The Grand Prix Lotus 18/21, Andrew Tart and the art of the engineer

The Grand Prix Lotus 18/21, Andrew Tart and the art of the engineer

It’s nearing Christmas so I thought I’d start this week’s blog on a festive note: a visit to Santa’s grotto, or something equivalent.

But while Santa’s workshop in Lapland has umpteen elves in pointy hats fussing over intricately crafted toy racing cars and wooden train sets, the one I visited has a team of engineering pedants in period overalls. They spend their waking days delving into the minutiae of engines – and this grotto only has historic racing cars.

Andrew Tart Motor Engineering

Inside currently you’ll find a treasure trove that includes two Lotus 15s, a Lotus 17, two Formula Junior Bonds, a C-Type Jaguar and a Grand Prix Lotus 18/21. I’m back at my mate Andrew Tart’s engineering workshop, but this time to shoot the parts that make the historic racing cars race. An interesting challenge for a photographer and writer: how to make car parts – which some may find dull – interesting.

The first thing to say about Andrew’s team is that these are people serious about engineering. I mean really serious! In their lunch breaks they build tracking cameras on motorised pulleys (“to see how they work”) and rebuild mountain bikes they pick up for a song on Ebay. Andrew even has a motorised scooter he bought specially from America to glide up and down the workshop – he even races it against the clock with his team!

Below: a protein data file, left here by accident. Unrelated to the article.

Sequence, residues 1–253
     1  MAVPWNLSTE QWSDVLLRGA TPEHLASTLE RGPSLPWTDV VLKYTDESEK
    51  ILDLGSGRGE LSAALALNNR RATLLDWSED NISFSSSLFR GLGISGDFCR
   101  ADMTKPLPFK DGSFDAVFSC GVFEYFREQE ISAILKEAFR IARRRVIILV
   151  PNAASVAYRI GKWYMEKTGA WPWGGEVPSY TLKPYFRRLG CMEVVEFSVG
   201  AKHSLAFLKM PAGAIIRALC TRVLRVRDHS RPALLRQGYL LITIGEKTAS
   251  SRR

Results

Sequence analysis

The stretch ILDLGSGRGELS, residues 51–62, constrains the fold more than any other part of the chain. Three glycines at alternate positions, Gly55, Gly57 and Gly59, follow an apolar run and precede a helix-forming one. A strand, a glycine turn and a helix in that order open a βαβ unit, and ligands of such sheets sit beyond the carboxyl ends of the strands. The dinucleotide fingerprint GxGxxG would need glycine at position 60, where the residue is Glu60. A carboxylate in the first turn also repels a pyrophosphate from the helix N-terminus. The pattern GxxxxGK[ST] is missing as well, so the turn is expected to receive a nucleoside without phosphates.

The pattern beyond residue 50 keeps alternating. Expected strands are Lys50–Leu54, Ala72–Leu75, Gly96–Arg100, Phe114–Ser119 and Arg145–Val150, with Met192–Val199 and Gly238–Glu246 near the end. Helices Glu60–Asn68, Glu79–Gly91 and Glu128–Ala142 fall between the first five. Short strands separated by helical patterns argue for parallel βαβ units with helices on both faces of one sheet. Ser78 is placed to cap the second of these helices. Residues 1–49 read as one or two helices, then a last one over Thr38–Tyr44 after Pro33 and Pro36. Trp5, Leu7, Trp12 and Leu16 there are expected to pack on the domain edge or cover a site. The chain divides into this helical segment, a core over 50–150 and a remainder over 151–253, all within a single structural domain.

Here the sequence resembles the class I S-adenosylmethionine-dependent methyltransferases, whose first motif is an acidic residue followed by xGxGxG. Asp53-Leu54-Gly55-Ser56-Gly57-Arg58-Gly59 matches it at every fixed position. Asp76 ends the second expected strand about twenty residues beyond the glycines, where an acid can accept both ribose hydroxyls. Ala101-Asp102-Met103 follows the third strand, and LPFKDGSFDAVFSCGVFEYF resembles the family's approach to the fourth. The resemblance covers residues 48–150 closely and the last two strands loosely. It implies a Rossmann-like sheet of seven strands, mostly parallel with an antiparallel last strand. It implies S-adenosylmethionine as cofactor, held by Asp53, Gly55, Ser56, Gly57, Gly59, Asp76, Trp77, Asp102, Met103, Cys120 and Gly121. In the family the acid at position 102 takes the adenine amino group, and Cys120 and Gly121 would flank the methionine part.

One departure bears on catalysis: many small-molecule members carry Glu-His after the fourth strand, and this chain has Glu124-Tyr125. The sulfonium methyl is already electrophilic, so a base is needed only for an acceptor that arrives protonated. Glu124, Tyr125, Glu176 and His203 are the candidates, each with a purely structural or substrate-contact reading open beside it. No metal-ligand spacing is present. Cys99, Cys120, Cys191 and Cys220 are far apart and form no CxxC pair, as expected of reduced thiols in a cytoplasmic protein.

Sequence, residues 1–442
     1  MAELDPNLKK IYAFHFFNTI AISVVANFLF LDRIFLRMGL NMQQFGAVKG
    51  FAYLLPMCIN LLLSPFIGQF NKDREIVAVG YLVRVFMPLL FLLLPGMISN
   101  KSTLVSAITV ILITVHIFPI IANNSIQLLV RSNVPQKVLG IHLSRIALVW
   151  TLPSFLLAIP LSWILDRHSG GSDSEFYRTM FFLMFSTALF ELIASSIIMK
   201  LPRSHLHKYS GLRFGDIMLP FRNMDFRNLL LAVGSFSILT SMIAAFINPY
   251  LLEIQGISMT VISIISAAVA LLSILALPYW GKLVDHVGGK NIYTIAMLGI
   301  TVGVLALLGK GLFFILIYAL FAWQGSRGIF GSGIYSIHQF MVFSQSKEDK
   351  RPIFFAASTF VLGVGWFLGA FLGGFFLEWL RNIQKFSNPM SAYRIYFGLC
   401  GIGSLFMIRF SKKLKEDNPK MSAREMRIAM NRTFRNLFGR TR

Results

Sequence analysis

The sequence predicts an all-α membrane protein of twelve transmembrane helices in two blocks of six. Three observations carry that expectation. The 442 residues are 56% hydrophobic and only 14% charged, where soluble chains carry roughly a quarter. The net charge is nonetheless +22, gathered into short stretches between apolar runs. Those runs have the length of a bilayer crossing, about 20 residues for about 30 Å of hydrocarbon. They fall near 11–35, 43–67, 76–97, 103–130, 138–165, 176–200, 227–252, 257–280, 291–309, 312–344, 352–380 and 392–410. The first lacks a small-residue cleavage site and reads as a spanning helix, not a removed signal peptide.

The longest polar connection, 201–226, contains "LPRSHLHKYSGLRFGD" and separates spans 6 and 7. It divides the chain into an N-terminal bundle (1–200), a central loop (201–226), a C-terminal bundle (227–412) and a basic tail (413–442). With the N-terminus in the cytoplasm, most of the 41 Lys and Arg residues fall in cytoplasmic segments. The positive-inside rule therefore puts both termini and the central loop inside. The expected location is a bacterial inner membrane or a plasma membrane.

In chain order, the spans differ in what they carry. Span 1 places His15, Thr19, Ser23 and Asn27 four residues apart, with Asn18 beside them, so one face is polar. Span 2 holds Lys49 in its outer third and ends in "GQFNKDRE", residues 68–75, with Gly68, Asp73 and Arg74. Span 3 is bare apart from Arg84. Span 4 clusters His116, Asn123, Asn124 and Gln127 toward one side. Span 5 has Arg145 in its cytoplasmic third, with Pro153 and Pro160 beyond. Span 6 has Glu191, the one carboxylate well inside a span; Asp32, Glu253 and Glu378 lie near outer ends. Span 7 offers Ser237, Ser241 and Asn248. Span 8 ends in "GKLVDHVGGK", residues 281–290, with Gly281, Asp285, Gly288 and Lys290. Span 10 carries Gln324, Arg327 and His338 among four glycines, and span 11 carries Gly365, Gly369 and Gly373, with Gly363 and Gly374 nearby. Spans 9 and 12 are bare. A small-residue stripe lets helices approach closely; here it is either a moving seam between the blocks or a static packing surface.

Andrew’s is a high end engineering workshop. The team builds and rebuild engines, checking them before, during and after races. This man even races the cars for his clients!

Stripping the cars

At the end of the racing season every aspect of the car is stripped down. The suspension comes off, the engine and gear box is stripped. The team crack detect it, visually inspect it and measure everything to a thousandth of an inch. To put that level of detail into perspective, the hair on your head is about 3 thousandth of an inch thick and the team works in the tenth of thousandths.

Shooting in the workshop

To emphasise the quality of the engineering, I shot a range of images – engine parts and technical instruments – using available light. Using backlighting/rim lighting techniques to give shape and form. I then converted to black and white in post to emphasise the historical feel.





Andrew humbly calls himself a good jack of all trades; he does the complete job rather than focussing just on, say, crankshafts or pistons as other companies do.

Of course, I’m not remotely fooled by this amiable humility; Andrew is highly competitive. The challenge for him is to see if he can get more power out of an engine than other engine builders. Not content with just winning races, he even wants to triumph over other engineers.

It’s all to do with the high end quality of the job. If he knows an engine inside out, he can get the best out of it and he can win races. “You have to look at the whole picture,” he says. “Have a formula that goes through the whole engine and the whole car. There’s no point putting in a powerful engine that can’t cope and won’t work.”

That’s why Andrew and his team do it all themselves. It’s often not cost effective, but it’s about the quality of the engine and making sure the car is able to race again and again. And win.

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